“Bertrande stood in the sunlight and met, as in a dream, the long-anticipated moment, her breath stilled and her heart beating wildly.” – The Wife of Martin Guerre by Janet Lewis
I vividly recall the 1982 film The Return of Martin Guerre. It was a stunning recreation of sixteenth century France, and at its heart dwelt a strange and compelling mystery. The stars were the beautiful Nathalie Baye and a youthful and charismatic Gerard Depardieu.
The film was based on a true incident. Natalie Zemon Davis’s book on the actual history of Martin Guerre came out at about the same time as the movie. I read it, but I don’t remember it. I’m currently waiting for my reserve to come in so I can have another look.
I was unaware of a novel entitled The Wife of Martin Guerre until I read about it several years ago on D.G. Myers’s intellectually rigorous and bracing Commonplace Blog. I acquired the book and immediately set about reading it. After a few pages, however, I put it down. The prose seemed curiously restrained, almost to the point of flatness. I was looking for something more rapturous. And so I put the novel aside. Somehow it managed to elude the periodic purges of my book collection, probably due to its diminutive size: a paperback of slight dimensions, 109 pages in length.
Then last month, Michael Dirda of the Washington Post wrote this lyrical praise of the novel. I sought it out in my overcrowded library and found it wedged between two five hundred plus page behemoths. I began reading. And it was as if I’d fallen under a spell. I could not stop; I was bewitched.
Young Bertrande de Rols has married the son and heir of the Guerre establishment. Her new mother-in-law is given the task of acquainting Bertrande with the vastness the family’s agricultural estate:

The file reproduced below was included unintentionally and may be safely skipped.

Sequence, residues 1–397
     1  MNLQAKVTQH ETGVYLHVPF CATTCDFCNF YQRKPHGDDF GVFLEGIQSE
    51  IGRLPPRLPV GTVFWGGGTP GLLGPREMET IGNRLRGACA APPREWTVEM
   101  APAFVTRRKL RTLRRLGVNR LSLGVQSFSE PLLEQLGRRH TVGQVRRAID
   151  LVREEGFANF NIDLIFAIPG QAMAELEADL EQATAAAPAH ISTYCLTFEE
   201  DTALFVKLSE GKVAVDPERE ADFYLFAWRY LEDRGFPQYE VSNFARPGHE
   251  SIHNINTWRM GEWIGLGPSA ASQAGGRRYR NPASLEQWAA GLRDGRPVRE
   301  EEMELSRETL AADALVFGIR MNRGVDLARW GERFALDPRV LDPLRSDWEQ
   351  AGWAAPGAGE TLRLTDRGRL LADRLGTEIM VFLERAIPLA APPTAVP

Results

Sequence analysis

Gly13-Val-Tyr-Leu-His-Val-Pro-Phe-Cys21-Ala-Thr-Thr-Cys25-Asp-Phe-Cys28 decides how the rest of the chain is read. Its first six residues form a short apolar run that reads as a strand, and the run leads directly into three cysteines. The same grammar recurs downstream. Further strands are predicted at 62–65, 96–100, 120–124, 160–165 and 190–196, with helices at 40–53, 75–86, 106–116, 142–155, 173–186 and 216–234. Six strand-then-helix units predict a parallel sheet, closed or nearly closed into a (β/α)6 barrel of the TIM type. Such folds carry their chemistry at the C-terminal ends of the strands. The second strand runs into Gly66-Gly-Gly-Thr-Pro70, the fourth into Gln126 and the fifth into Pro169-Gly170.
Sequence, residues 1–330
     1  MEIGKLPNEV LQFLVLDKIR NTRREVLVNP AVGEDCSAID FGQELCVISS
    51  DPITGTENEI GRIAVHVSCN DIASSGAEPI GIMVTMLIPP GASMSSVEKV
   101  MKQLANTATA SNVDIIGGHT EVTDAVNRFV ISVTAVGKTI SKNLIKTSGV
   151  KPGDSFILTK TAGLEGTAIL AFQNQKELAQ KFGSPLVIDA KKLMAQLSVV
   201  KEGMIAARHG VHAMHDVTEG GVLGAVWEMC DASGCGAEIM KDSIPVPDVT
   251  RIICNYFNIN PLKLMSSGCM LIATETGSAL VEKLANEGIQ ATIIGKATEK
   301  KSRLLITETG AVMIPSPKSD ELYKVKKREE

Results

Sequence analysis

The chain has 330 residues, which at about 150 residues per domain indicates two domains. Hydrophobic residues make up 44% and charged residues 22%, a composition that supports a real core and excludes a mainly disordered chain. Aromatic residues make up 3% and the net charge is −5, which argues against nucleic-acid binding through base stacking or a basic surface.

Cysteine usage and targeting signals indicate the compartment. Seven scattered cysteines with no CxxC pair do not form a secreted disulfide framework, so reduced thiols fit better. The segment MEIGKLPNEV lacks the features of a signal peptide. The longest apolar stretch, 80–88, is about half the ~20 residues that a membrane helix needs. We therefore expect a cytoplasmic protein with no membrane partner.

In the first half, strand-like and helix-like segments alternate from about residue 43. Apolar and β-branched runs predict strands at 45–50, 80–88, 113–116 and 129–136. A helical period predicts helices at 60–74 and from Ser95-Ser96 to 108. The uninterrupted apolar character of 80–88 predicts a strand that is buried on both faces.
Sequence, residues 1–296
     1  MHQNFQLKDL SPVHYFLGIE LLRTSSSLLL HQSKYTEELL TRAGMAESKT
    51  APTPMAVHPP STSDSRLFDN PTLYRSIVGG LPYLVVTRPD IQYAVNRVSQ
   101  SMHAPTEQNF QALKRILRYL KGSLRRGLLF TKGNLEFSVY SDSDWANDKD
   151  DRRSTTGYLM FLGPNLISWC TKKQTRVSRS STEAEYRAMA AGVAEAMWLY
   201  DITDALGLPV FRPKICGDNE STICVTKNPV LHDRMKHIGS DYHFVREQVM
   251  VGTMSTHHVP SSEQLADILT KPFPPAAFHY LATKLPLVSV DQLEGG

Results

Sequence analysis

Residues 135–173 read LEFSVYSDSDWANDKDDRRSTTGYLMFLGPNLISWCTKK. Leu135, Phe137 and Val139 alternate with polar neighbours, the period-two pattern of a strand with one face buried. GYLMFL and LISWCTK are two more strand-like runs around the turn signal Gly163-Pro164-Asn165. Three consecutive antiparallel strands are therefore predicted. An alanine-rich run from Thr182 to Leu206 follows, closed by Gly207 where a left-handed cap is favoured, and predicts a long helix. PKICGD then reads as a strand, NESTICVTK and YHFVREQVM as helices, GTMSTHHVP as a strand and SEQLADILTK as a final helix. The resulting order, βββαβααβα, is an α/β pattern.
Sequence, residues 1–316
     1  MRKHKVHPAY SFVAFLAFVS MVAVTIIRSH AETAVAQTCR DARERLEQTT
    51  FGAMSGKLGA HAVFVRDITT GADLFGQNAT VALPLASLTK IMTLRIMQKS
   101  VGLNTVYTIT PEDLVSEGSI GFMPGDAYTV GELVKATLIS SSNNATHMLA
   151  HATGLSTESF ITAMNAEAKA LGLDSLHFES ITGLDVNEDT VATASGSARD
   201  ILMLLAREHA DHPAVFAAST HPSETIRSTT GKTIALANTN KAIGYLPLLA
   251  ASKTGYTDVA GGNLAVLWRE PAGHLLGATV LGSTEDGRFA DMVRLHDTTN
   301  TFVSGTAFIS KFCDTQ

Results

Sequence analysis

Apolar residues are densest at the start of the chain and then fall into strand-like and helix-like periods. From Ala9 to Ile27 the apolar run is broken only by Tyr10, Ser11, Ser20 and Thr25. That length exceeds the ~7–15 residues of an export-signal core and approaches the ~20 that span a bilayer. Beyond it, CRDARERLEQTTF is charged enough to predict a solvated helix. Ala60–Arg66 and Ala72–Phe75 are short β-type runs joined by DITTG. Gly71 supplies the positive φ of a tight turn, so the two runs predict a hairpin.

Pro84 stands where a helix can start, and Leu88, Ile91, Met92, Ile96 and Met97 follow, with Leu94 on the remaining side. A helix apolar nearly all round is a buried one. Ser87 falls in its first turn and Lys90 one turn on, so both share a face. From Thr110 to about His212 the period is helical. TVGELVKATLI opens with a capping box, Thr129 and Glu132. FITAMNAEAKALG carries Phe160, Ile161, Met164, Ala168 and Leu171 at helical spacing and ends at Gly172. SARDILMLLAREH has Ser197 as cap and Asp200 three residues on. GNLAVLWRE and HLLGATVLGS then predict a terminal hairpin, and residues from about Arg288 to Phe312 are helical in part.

She showed Bertrande the farm in detail, the stables, the granary, low stone buildings roofed with tile, like the house, set to the right and left of the courtyard before the house; showed her the room used for the dairy, the storerooms with their pots of honey and baskets of fruit, baskets of chestnuts, stone crocks of goose and chicken preserved in oil, eggs buries in bran, cheeses of goat’s milk and of cow’s milk, wine, oil. In the Chamber she showed her wool and flax for the distaff, th loom on which the clothing for the household would be woven. She showed her the garden, now being set in order for the early frost, the straw-thatched beehives, the sheepfold of mud and wattles,and last of all, returning to the Chamber in which the marriage bed had been dressed, Madame Guerre opened certain chests filled with bran and showed the young girl the coats of mail of the ancestors, thus preserved from rust.
In time, Bertrande knows, all of this will be in her charge. That is the true purpose of this in depth survey.
The Guerre farm is a world unto itself, completely self-sufficient. All the men and women living there must play their parts, perform their assigned tasks, the men of the family and the laborers working side by side. In return, they derive security and a sense of belonging from the community which they themselves constitute.
Janet Lewis is an author new to me. She was primarily a poet and achieved considerable success during her long life. (She passed away in 1998, at the age of 99.) In addition to The Wife of Martin Guerre, she wrote three other historical novels: The Invasion: A Narrative of Events Concerning the Johnston Family of St Mary’s, The Trial of Soren Qvist, and The Ghost of Monsieur Scarron. I wonder if any of these are on a par with The Wife of Martin Guerre, a tale of cunning deception and profound love. In this novel, using prose that is pointillist in its precision and poetic in its beauty, Janet Lewis brings to light a lost world and makes it live again. Quel triomphe!
Click here to read the author’s obituary in the New York Times.
Here is a clip from the film The Return of Martin Guerre. This is the moment when Martin announces his return to his family’s vast establishment. There are no subtitles, but you can probably make out what’s happening anyway. And talk about a brilliant evocation of the past!